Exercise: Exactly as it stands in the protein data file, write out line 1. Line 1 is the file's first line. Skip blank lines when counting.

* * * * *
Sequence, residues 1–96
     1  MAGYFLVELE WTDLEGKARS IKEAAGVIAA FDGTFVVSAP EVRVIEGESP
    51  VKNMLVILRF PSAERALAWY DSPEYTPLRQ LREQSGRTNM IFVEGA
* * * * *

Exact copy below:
Sequence, residues 1–96